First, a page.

Jay Hoffmann

Books, movies, and code

#29: I think I’m using AI wrong

I think I’m using AI wrong.

Not wrong, obviously. There’s no right way to use AI. In fact, there may not be an ideal use case and if there is we certainly haven’t found it yet. And, as Molly White pointed out, maybe we shouldn’t be using it all.

What I mean is that I think I’m using it differently. When I compare notes against how other people are using it, I seem to be a bit off the mark. For instance, I see a lot of people that use it to help them think. They field questions against a chatbox, or use it to explain a chunk of code for them, or to connect disparate ideas together. Stuff like that.

It makes sense, I guess. I can’t wrap my head around it. When I first started using AI a bit in my writing, I used it to revise and rewrite a few things, which is where I find I guess most stuck. But then everything spit out in that sing songy, hustle culture, corporate-speak-with-exclamation-points-on-every-sentence way and I just gave up.

When I turn to it now, which is less and less, I use it to finish a thought. If I’m writing a bit of code, I’ll map out the structure and start to write a function name, then let Copilot fill in a first draft for me to look at. If I’m looking for a certain word or a turn of a phrase, maybe I’ll take that over to ChatGPT.

When I have something on the tip of my tongue, I turn to AI. And I haven’t really found another way to use it.

12 Years a Slave (2013)

May 13, 2024

When I first saw Steve McQueen’s Hunger it almost immediately became on of my favorite films of all time. A debut feature that reckons with such an immensely important and fraught period of history. That comes right up against it, cracks it open, and shows you a full view of the historical moment through the lens of a single person. It beautifully uses camera movement, intimate visuals, and didactic sound that draws you in and makes you pay attention to each tragic and gut-wrenching turn.

And somehow, 12 Years a Slave never made it to the top of my list for too many years. But here he is, McQueen doing exactly the same thing at another period of time that is illogical and brutal and almost beyond comprehension. It is an intimate, profound and uniquely horrifying portrait of a single man’s struggle to survive. This is not slavery glossed over with historical romanticism (there is only one man, really, who stands against it, in fleeting moments at the end of the film). This is the full moment of history, expressed through one man, cracked open for us to see set against the majestic landscapes that only serve to starkly contrast against the brutality of slavery. It’s a tough watch, no doubt about it. But it is incredible.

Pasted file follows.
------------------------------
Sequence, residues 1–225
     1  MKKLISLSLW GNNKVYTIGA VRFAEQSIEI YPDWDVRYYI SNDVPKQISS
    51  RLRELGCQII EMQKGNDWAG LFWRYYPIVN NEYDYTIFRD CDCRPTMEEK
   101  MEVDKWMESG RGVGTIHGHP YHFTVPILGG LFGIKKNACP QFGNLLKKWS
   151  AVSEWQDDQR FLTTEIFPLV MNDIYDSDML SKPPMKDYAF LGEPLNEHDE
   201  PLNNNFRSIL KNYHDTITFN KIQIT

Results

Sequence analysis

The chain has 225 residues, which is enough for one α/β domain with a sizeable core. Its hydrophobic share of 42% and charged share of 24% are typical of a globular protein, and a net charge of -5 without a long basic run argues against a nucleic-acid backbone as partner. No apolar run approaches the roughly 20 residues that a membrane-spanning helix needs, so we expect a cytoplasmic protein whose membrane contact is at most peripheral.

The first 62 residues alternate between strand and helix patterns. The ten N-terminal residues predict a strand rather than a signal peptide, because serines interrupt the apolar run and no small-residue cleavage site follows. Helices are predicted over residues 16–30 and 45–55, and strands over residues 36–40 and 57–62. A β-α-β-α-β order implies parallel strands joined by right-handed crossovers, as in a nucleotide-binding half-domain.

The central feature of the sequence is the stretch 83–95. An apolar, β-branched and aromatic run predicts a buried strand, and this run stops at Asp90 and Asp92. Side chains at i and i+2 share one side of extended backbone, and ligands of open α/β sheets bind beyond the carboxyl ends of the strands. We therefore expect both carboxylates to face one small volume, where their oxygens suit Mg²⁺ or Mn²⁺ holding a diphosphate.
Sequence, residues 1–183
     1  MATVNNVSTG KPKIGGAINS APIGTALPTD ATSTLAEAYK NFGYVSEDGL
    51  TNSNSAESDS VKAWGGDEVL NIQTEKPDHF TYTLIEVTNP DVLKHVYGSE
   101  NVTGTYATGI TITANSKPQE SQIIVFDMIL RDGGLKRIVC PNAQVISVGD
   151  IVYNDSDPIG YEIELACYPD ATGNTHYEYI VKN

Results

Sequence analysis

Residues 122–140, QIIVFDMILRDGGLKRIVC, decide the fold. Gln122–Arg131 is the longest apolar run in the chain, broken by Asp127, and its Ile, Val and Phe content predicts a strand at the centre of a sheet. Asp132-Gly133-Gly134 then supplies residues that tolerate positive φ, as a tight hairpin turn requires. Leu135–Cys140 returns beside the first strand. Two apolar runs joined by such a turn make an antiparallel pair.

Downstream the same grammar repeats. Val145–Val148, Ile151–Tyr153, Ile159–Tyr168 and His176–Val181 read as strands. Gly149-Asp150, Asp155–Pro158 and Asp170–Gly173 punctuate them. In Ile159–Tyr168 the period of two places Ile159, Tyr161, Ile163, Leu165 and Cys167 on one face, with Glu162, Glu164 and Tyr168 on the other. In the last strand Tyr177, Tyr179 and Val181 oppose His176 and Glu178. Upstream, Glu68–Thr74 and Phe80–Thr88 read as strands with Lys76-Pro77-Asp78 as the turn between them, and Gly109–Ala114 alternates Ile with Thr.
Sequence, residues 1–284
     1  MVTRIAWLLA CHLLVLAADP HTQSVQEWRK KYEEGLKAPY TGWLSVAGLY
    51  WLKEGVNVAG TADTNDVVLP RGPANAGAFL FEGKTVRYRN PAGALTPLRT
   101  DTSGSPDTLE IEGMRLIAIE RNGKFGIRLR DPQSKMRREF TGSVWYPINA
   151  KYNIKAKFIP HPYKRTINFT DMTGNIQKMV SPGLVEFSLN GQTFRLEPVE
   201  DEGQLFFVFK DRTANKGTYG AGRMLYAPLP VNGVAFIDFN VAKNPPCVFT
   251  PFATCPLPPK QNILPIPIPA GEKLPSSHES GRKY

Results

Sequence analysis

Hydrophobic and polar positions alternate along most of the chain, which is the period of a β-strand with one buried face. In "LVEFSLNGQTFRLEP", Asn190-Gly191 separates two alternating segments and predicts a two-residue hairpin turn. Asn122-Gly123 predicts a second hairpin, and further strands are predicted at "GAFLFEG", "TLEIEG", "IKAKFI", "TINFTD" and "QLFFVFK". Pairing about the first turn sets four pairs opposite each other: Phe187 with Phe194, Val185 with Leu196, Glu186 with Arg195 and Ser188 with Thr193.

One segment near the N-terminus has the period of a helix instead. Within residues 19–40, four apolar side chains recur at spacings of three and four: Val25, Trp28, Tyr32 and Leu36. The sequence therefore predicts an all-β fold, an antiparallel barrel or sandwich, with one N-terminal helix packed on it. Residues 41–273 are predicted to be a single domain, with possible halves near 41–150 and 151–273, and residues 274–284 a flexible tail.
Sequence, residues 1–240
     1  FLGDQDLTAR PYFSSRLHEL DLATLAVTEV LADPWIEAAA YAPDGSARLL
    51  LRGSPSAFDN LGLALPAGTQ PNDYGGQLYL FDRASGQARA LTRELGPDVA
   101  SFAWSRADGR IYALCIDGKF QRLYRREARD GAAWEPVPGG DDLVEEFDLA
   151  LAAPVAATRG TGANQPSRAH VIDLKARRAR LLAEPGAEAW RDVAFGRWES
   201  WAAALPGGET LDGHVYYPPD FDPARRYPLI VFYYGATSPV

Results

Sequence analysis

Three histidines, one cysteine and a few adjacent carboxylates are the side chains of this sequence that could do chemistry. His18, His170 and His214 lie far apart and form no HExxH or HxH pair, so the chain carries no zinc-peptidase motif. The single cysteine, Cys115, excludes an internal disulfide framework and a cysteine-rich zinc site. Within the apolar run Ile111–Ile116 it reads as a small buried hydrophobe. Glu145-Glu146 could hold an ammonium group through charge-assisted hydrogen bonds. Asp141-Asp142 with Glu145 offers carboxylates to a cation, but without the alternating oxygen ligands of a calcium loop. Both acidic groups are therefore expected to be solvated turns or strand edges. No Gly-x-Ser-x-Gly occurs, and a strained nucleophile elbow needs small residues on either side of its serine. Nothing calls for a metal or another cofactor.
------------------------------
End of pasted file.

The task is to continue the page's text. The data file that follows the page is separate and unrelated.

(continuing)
Stray Observations

  • Brilliant use of sound and silence, especially when the camera hangs there and really lets you feel it
  • The use of closeups to show the anger and hatred of man and the wide to show tragedy 
  • There’s something really disturbing about juxtaposing the beauty of the southern landscape against the horror of slavery

May 11, 2024

Good Grief (2023)

May 9, 2024

Dan Levy is a great writer. I really don’t know yet if he is a great creator of cinema. But his writing is so intimate and sharp and poignant it’s really incredible to watch. This film is a slow portrait of grief, one that tries to recognize and acknowledge how fraught the process can be. It is not even, and it is not possible alone. And that, on its own, is more than enough to make a movie about. And I’m glad he did.

Stray Observations

  • – “I’m so sorry I stood in the way of your snapdragons” – fathers eulogy
  • “We are standing in a house of loss.” Monet

May 7, 2024

A lot of focus lately on the failures of the latest swatch of hardware startups jamming AI into their tiny wearable nothings (why these need to be hardware appears to be a simple question of margins. Very hard to charge for API requests to OpenAI, but if you wrap it in a “wearable” you can charge $500 or more).

Anyway, a lot of them have an Apple vibe. But they don’t actually do anything. And, as Benjamin Sandofsky has now pointed out, they don’t have the Apple ethos either.

I blame the team’s nostalgia. They clearly want to recreate the Apple from 2007, but that’s impossible under venture capital constraints and without the momentum of Apple. Contrary to what Imran, Ken, and I’m sure many others at Humane believe, the iPhone didn’t begin with their work in the 2000’s on Project Purple. It began in 1976 with the Apple computer, and the decades of goodwill it built up in consumers. The project was spearheaded by a guy ready to waste billions in iPod revenue if it helped achieve his vision, and he answered to nobody. It came together at the perfect point in time, when everyone knew the power of the Internet, but there wasn’t a way to carry the whole experience in your pocket. You can’t replicate all these factors in a few years, no matter how much money a VC throws at you.

May 7, 2024

AI isn’t useless. But is it worth it?

Or maybe put another way, just because we can do something, should we?

Molly White turns her insightful and thorough analysis to AI to answer a more fundamental question than simply what can we do: should we be doing it at all? Is it worth it?